“The storyline might be connectivity, of all these people and behavior,” said a second attendee. “But I don’t know if that’s what I want anymore. The landscape has never been more fraught with concerns about privacy and how data is used. And for this industry, that’s saying a lot.”

The message people took away from the meeting was that Verizon was highly concerned about protecting its customers’ privacy. “Verizon is 10 times as paranoid about data than anyone in this room,” a third agency exec recalled a Verizon Media exec saying at the meeting.

Verizon Media execs went on to stress that if clients wanted to bring their own customer data to media buys, that was just fine. It’s a “walled garden but with a door,” as the third exec summed up the pitch.

One theory floated by these agency execs is that Verizon is so concerned about misuse of its customer data, especially in this privacy-sensitive era, that it won’t entrust it to its own media arm, which which like other media companies historically has been driven by different incentives. Advertisers can target ads using anonymized Yahoo email addresses, for example.

“They’re so cavalier about reading Yahoo Mail — but the Verizon world is not at all,” the first exec said.

The good: Verizon has 5G going for it, and some attendees walked away enthusiastic about its programmatic ad offering

There were some positive reactions from the meeting. Attendees said Verizon Media execs seemed honest and well intentioned. The new corporate name, Verizon Media Group, was seen as smart because it trades on Verizon’s positive associations as being rich in data and tech-savvy.

Verizon has become closely identified with 5G, which is talked about as world-changing, with faster internet speeds. But no one really knows for sure what kind of new world 5G will lead to.

Verizon showed the gathering a concept of how 5G could change entertainment by showing a video souped up by augmented reality, and talked about how 5G could help it create video cheaper and faster. The benefits to advertisers and consumers seemed far off, though.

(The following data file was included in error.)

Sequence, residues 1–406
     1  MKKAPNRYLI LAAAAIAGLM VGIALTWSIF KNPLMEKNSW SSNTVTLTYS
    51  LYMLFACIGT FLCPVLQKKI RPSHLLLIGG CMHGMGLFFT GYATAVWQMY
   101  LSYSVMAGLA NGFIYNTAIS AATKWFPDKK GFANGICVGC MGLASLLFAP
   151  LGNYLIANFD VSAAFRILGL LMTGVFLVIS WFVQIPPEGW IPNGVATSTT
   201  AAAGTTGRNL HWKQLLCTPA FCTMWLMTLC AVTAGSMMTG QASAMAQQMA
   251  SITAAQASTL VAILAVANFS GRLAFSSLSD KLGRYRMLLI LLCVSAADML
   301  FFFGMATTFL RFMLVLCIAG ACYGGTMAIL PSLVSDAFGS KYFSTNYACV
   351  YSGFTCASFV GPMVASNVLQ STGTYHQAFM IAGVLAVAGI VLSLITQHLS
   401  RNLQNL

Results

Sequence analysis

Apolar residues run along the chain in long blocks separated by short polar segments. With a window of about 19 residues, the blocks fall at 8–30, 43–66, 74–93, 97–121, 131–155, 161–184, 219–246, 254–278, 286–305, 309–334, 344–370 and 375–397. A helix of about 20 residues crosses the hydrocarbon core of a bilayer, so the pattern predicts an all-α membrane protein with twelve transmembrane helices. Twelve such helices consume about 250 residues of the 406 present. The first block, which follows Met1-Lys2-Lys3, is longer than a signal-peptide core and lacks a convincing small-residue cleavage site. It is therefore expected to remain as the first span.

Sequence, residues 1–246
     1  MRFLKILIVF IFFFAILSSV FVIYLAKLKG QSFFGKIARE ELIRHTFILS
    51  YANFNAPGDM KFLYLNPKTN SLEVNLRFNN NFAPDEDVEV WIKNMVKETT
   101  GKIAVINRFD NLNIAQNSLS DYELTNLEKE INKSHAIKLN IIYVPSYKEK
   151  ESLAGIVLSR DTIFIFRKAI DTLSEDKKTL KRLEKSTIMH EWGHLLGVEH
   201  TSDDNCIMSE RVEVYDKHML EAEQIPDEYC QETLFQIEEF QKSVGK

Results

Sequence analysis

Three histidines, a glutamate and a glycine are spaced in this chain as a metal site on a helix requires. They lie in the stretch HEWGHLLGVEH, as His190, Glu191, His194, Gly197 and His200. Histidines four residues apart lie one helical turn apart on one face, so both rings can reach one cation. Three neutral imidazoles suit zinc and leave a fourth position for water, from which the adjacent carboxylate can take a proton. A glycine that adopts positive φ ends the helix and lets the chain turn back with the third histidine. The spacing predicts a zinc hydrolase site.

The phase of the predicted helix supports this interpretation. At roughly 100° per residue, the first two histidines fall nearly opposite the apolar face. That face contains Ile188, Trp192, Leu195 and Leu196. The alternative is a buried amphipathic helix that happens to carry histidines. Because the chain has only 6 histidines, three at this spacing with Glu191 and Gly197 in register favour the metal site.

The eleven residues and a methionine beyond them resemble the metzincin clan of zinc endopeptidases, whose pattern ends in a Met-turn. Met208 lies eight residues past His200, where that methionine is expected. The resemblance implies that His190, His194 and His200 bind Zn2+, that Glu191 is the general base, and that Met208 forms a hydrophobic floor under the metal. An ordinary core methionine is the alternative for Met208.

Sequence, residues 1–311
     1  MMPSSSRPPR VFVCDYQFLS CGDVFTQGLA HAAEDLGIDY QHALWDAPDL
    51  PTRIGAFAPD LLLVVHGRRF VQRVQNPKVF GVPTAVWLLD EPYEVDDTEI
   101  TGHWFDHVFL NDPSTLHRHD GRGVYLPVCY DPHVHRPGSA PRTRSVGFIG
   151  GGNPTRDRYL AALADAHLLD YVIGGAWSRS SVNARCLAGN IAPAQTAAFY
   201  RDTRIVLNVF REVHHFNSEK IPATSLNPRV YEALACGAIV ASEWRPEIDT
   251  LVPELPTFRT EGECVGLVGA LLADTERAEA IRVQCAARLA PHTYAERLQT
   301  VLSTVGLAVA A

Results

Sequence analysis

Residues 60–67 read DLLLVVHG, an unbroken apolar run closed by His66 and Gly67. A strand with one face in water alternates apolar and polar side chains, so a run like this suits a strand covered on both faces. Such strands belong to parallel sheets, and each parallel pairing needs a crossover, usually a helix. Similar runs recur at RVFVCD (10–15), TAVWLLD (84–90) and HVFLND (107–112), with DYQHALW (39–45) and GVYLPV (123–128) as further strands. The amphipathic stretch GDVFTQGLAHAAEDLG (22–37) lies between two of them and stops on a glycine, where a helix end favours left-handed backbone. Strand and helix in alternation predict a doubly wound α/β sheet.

“5G is a potential differentiator for Verizon but they can’t do anything with it,” the third exec said.

Ad buyers in the past have given Oath credit for simplifying its ad tech.

This time, buyers were positive about Verizon Media’s programmatic ad story after leaving the meeting. Verizon Media execs also stressed that it prioritized transparency in programmatic ad transactions, acknowledging transparency is a big concern among advertisers.

Buyers expressed enthusiasm over a new programmatic buying tool, Omniscope, that Verizon Media pitched as helping advertisers spend media dollars more efficiently; and a new partnership with a company called Amino that gives transparency into how programmatic fees break down.

Mixed: Some attendees were unconvinced by Verizon’s content plans

Content initiatives got mixed reviews. Verizon Media said Yahoo Finance was about to launch a new subscription service that it’s beta-testing at monthly prices of $35 to $55. The first attendee criticized it as niche and pricey.

Yahoo Sports was leaning into fantasy by developing a portfolio of fantasy games. The unit also is exploring now legalized online betting. Reaction ranged from enthusiasm that Verizon is leaning into hot growth areas to concern about the potential negative societal influence of sports betting.

But agencies continue to question the value today of Verizon Media’s content brands like Yahoo Finance, AOL, and HuffPost and if they’re special enough to warrant buying them when there are simpler options out there.

“They need a story,” said a senior media agency exec. “They’ve been talking about leveraging the Verizon data for years. The content story’s been all over the place.”

“Facebook and Google are so easy to buy, and AOL’s just a mess,” said the third buyer.

Abby Jackson contributed reporting.